Pembroke Pines, FL (PRWEB) August 01, 2012
UmeNow founder Evelyn Castillo-Bach announced today her support for a Cybersecurity bill that meets the standards outlined by the Commander of U.S. Cyber Command, General Keith Alexander, who has sent letters to Senate leaders detailing that "information sharing alone ...is insufficient to address the vulnerabilities to the nation's core critical infrastructure."
"We ignore the advice of Cyber Command at our peril. Politicians are cutting deals with giant corporations who reject baseline security standards designed to protect our infrastructure," stated Castillo-Bach, who describes political maneuvering on cybersecurity as a perfect storm for bringing our country to its knees -- allowing private corporate interests to override national security.
Senate vote on S. 3414, the Cybersecurity Act of 2012, is expected this week. The bill states that its purpose is to enhance the security and resiliency of the cyber and communications infrastructure of the United States.
"The bill’s original goal was to let the government enforce minimum security standards for the computer systems that run power plants, air traffic control systems, dams and other critical infrastructure. The business lobby pushed back. The legislation now makes government oversight entirely voluntary. The business lobby continues to be opposed to the legislation. It is worried about any obligations to share information about security breaches, lest it open up companies to lawsuits," reported The New York Times.
Politico reports that 85 percent of our critical infrastructure is owned by private entities. "The obvious solution is to have all critical infrastructure operators meet a minimal set of security standards, not unlike nuclear power plants which must build a fence around their perimeter. Why should companies that handle critical infrastructure be exempt from securing their computer networks? It makes no sense," stated Castillo-Bach.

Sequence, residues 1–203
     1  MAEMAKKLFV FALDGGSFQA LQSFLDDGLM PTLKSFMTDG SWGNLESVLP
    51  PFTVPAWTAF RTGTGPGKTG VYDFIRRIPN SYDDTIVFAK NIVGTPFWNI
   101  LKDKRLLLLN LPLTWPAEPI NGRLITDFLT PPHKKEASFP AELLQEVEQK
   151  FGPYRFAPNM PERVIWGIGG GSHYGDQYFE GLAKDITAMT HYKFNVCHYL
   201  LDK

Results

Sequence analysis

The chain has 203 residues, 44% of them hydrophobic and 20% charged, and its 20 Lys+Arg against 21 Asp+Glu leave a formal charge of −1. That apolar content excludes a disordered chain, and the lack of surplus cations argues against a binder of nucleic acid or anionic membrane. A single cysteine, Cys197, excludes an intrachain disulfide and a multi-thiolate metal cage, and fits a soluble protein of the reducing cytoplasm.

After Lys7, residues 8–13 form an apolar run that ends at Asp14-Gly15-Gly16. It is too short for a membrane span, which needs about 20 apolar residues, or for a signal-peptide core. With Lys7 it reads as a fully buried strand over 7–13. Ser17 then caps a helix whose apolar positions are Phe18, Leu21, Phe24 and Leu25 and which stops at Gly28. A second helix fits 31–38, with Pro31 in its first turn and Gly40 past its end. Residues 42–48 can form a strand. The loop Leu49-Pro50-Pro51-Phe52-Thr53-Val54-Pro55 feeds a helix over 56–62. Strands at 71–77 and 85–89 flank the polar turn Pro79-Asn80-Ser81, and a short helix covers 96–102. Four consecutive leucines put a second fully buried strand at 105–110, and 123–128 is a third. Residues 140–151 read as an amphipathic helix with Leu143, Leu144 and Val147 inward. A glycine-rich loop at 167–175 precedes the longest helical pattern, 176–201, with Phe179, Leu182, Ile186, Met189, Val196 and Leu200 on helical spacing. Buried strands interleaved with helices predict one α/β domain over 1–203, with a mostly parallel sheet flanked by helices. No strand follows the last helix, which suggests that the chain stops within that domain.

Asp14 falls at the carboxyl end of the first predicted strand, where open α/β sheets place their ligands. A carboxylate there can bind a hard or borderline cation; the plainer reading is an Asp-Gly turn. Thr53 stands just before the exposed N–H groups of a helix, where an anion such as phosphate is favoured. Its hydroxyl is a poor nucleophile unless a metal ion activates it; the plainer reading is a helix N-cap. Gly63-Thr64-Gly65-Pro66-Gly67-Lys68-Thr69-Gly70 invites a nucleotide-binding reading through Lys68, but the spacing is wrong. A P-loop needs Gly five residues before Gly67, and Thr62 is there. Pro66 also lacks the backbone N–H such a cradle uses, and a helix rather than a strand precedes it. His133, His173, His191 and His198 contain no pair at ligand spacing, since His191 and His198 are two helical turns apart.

Eighty percent of critical energy infrastructure systems have been the victim of a cyber-attack, according to a survey by McAfee and the Center for Strategic and International Studies.
"Interestingly, companies who run critical infrastructure in our country resist the baseline recommendations of Cyber Command, but these same companies have no problem with government snooping into the private communication of American citizens guilty of no wrongdoing. Amendments to the Cybersecurity Act of 2012 that protect individual privacy and block government spying and unwarranted surveillance should be a critical component of cybersecurity legislation," stated Castillo-Bach, who is an outspoken privacy advocate known to her followers as Privacy Mom.
The Oregonian reports that Senator Ron Wyden (D-Ore) has proposed amendments to the Cybersecurity Bill that would limit government cyber-snooping. Last week, he wrote a letter to the nation's top intelligence officials. Co-signed by 11 senators, it demanded that loopholes allowing spying be closed and that federal officials disclose the extent of cyber-spying on Americans. Wyden's mass storage amendment, named "Stay Off My Cloud," prohibits individuals’ private data from being accessed by the government solely because it’s stored by a company who provides information services to a government agency. Wyden has clashed with the Obama Administration over what he terms the "secret law" governing surveillance of American citizens.
UmeNow has banned all tracking and all ads. Evelyn Castillo-Bach earned her M.S. in 1993 from Columbia University Graduate School of Journalism. She has traveled extensively in Ethiopia and in the Balkans, accompanying her Danish husband who is a lawyer.
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